Vernon K. Robbins

Sociorhetorical Interpretation

Emory Studies in Early Christianity

Rhetoric of Religious Antiquity


Religious Sites in Atlanta

Emory Department of Religion

Emory Graduate Division of Religion

Biography  |  Books  |  Essays  |  Emory Studies in Early Christianity  |  Curriculum Vitae

Vernon K. Robbins is Professor of New Testament and Comparative Sacred Texts in the Department and Graduate Division of Religion at Emory University, Atlanta, Georgia. He was appointed Winship Distinguished Research Professor in the Humanities in 2001. In 1984, his Jesus the Teacher: A Socio-Rhetorical Interpretation of Mark launched socio-rhetorical criticism in New Testament studies. His books The Tapestry of Early Christian Discourse (Routledge, 1996) and Exploring the Texture of Texts (Trinity Press International, 1996) present this approach in the form of programmatic strategies for interpreting the inner texture, intertexture, social and cultural texture, ideological texture, and sacred texture of texts. A Festschrift in his honor, Fabrics of Discourse (Trinity Press International, 2004 []), contains essays that apply insights of socio-rhetorical interpretation. The Invention of Christian Discourse 1 and Sea Voyages and Beyond present work in the first decade of the 21st century. His two most recent works are Who Do People Say I Am? (2013) and Jesus and Mary Reimagined in Early Christian Literature (2015). He is described in Genealogies of New Testament Rhetorical Criticism (2015) as one of "five pioneers" of New Testament rhetorical criticism.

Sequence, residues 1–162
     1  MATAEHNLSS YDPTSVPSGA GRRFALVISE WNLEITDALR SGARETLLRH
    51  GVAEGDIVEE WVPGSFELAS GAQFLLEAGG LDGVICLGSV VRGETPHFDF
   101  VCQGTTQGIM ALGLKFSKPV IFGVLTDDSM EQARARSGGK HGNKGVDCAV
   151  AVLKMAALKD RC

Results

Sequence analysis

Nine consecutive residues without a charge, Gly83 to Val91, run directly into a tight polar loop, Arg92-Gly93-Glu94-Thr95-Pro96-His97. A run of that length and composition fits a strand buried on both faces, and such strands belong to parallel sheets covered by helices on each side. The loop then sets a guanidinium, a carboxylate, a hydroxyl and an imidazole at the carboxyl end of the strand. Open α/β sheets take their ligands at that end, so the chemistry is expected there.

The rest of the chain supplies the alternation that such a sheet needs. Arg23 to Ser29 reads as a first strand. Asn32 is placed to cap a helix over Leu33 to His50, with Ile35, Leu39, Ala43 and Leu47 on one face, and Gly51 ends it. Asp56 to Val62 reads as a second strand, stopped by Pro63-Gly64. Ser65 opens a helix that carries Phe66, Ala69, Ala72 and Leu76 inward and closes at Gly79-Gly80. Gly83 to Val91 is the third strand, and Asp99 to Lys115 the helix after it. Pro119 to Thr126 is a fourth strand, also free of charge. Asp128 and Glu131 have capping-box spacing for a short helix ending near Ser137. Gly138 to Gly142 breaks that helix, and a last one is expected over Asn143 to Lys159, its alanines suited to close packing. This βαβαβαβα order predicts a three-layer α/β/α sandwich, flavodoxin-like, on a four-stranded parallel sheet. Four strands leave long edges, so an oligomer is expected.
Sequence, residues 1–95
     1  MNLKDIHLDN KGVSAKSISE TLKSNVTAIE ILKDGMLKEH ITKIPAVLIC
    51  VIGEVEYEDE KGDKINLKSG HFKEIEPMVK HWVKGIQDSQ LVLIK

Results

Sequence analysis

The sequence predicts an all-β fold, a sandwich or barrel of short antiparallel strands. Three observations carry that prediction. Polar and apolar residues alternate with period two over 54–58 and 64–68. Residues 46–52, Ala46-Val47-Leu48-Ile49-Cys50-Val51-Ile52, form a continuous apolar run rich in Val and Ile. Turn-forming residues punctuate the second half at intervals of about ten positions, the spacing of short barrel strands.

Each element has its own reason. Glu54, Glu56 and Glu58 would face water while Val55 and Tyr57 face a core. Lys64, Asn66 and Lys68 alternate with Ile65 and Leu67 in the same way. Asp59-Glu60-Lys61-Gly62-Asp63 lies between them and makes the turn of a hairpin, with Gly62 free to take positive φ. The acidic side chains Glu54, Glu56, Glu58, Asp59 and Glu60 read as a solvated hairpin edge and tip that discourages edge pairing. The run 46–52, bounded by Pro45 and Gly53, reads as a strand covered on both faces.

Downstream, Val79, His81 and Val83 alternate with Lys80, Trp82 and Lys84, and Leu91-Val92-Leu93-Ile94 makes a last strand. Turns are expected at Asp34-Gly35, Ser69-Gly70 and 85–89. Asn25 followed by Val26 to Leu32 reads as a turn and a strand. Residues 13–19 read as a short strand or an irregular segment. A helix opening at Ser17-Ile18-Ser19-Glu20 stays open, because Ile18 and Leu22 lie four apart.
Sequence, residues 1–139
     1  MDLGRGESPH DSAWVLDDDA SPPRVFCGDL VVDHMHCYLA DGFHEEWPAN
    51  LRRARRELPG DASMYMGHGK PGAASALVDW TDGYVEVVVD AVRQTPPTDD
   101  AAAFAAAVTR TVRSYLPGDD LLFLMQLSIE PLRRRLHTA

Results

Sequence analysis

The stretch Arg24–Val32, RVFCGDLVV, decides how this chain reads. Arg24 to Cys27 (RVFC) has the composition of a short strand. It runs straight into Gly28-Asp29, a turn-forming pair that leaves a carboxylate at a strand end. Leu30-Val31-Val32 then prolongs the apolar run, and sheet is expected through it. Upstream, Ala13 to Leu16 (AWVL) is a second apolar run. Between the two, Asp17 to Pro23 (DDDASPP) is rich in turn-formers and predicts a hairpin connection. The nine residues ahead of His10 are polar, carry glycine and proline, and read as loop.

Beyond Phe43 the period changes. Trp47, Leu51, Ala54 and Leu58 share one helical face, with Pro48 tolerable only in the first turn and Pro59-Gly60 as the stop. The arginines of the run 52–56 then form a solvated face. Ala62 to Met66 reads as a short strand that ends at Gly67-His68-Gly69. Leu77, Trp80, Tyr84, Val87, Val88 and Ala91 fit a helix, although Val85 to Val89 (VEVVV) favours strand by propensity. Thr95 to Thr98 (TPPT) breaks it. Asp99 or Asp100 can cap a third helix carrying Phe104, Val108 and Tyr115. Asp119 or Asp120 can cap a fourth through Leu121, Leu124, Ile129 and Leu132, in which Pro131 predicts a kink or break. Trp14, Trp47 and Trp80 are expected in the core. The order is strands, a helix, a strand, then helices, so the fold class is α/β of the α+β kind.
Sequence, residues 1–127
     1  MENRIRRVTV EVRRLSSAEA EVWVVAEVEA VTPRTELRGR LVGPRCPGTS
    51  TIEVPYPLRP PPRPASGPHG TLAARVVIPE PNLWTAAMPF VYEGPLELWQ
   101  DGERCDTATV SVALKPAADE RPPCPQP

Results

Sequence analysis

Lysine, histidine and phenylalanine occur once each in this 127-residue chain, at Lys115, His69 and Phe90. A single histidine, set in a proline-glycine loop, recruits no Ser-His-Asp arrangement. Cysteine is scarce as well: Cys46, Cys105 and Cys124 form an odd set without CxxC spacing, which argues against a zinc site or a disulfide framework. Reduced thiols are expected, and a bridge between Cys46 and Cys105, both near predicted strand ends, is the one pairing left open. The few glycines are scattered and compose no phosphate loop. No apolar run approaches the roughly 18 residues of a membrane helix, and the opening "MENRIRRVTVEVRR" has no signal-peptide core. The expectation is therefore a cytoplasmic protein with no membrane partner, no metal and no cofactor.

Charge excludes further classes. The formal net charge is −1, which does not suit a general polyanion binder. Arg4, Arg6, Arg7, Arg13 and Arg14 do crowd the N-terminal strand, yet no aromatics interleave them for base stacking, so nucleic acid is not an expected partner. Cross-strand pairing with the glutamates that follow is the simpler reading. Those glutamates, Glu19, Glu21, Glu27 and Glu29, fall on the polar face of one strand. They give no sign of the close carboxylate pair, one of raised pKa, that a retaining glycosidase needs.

In 1983-84, Prof. Robbins was a Fulbright Professor at the University of Trondheim, Norway. During the summer of 1996, he was a Human Research Science Council Visiting Scholar in South Africa. Prof. Robbins is General Editor of Emory Studies in Early Christianity and co-chair of the Socio-Rhetorical Interpretation seminar in the Studiorum Novi Testamenti Societas. He is widely published in national and international journals. Currently he is also Visiting Professor of New Testament at the University of Stellenbosch, South Africa.